Written by Flora Pick: GHT Volunteer
As God’s Head Tower was undergoing a transformation, playwright and poet Deborah Gearing sat and watched. The Turnkey’s Wife, a collection of poetry she produced during her tenure as artist in residence, is an exercise in finding the gaps, cracking open our remembered history to search for what we may have missed. As old bricks are lifted, it becomes difficult to ignore the reality of the people, individuals with lives, that occupied these rooms before us. In her work Gearing seeks to highlight these hauntings via the possibilities of imagined lives.
Gearing’s poems speculate on words left unsaid, couldn’t be said, on voices that were silenced. Her tales of women and children that walked in the tower walls are titled with names that fail to reveal all that much, sometimes supplemented with a date, sometimes a postscript that explains less than it does obscure the rich life hinted at with cold historical fact. ‘Mary Rowsell’ provides an increasingly panicked first-person-perspective from a desperate woman following a miscarriage; the hurt reverberates across the centuries and becomes something intimately real. The sterile reassurance that ‘Mary Rowsell was not convicted for the murder of her child’ soothes less than it may. The brilliance of Deborah Gearing’s identification of these gaps, these moments without shading, in the historical record is that it suggests just as much as it displays. It points outwards to many more unexamined lives that may have, until now, been little more than a bureaucratic footnote.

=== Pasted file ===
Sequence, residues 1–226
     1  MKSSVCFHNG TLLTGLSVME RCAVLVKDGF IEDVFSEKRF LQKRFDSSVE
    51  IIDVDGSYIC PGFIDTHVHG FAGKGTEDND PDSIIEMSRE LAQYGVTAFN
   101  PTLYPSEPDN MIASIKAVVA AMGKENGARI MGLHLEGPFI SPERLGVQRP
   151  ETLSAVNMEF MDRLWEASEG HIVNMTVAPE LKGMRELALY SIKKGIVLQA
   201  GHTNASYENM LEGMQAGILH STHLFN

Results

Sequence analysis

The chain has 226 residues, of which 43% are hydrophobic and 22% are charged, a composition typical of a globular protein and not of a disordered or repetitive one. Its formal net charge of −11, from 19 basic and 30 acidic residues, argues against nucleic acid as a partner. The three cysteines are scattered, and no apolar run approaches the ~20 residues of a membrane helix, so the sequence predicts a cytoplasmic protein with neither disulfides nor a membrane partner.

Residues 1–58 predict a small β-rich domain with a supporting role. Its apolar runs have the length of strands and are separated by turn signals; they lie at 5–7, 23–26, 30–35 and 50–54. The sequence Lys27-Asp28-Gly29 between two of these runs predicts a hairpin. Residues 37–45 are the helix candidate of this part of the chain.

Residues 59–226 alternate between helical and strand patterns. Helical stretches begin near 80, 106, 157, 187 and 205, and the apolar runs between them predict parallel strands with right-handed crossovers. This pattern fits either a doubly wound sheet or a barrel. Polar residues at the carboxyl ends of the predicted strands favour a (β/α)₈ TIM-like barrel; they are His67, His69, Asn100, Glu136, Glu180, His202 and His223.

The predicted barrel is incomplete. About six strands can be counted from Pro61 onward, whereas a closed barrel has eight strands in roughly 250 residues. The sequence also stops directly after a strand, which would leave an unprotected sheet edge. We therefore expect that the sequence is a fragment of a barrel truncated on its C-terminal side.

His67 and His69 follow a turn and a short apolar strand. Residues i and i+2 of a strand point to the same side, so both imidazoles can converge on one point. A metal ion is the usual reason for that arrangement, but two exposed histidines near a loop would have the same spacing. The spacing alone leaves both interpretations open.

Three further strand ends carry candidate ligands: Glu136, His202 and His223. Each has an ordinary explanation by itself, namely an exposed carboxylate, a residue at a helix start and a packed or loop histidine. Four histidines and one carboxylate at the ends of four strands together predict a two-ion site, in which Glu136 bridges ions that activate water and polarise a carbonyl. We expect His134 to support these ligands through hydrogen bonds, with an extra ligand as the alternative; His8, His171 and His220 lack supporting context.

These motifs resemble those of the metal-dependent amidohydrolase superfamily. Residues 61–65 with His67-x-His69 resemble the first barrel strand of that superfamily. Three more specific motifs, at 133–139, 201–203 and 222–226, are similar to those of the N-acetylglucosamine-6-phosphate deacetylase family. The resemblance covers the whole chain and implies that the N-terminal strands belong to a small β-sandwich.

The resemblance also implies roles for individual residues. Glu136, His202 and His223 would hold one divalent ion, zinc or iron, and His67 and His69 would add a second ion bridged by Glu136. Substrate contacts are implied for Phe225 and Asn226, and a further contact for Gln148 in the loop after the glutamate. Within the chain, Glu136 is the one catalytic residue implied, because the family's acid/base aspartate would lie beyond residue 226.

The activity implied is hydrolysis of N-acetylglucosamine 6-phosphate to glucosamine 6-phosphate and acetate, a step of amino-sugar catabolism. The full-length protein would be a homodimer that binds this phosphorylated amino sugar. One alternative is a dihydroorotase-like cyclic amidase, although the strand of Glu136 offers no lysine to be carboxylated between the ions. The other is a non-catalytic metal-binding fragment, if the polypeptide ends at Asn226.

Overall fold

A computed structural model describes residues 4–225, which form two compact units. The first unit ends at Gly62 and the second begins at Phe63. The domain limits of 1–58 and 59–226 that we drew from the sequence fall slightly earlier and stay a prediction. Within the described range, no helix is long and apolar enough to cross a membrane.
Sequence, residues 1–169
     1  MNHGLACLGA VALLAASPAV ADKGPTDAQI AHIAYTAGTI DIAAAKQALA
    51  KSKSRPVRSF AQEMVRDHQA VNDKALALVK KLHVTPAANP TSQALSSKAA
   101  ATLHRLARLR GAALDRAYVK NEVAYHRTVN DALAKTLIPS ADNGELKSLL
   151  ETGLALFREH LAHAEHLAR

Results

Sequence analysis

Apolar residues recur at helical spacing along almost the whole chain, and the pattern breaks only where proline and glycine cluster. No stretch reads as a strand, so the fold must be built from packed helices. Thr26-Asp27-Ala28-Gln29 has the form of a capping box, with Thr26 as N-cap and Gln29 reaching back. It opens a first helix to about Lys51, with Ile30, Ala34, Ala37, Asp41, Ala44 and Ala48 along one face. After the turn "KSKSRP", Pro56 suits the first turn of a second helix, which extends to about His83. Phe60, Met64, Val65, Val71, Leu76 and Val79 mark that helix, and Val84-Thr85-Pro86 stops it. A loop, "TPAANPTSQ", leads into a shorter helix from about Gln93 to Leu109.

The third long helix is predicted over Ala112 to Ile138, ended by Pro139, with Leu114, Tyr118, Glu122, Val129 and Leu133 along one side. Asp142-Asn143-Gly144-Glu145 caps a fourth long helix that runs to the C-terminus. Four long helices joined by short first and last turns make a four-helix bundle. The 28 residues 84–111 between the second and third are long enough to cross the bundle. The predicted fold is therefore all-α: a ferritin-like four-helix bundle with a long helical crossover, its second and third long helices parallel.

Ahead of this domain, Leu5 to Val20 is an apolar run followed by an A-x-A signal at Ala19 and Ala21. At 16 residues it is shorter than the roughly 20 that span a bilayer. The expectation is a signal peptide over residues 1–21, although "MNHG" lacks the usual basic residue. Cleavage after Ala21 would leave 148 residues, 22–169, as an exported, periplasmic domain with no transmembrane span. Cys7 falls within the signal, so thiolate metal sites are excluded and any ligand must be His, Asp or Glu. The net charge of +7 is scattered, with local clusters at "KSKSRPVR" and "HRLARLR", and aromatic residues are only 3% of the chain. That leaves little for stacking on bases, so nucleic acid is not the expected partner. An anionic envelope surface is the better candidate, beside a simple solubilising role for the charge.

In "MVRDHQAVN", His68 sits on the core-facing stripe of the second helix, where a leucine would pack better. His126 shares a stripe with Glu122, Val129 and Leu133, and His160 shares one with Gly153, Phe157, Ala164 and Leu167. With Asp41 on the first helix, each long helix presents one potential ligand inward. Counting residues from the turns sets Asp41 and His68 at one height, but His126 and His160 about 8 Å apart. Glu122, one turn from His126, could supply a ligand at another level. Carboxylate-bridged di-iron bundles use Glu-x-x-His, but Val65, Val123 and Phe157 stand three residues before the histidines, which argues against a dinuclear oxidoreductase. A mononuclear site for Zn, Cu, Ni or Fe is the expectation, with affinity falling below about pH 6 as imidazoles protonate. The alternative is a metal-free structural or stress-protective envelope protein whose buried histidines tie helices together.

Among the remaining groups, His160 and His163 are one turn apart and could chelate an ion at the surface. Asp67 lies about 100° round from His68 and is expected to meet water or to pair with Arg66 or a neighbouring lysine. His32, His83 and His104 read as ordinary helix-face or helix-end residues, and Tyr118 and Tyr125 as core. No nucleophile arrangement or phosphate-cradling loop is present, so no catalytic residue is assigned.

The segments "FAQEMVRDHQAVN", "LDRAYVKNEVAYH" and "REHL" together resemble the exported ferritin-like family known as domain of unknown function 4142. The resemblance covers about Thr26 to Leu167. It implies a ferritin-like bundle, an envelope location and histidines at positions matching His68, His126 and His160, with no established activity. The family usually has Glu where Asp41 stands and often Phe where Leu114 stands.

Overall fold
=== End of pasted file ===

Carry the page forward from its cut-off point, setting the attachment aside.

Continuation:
While there is an unavoidable danger in ventriloquising those unable to speak, Gearing’s work arrives so clearly from a position of empathy that she is proves able to demonstrate the required delicacy of touch. Some readers may find aspects of her characterisations to be ahistorical, but this flattening of time produces a worthwhile route to relatability. The Turnkey’s Wife’s best asset is its humanisation of a past all-too easily cast with inhuman stock figures.
The fragmentary, negating style is an apt reflection of lives only remembered in obscured pieces. Her collection of poetry is impressively economic in its ability to imply far more beyond the pamphlet leaves. Well past the point of reading, the poet forces a shift in mindset, asking one to reassess the tangibility of names that crop up only to disappear into the ether of time. Gearing manages to conjure sincere emotion from the mere suggestion of lives happening very far away, in another time and place.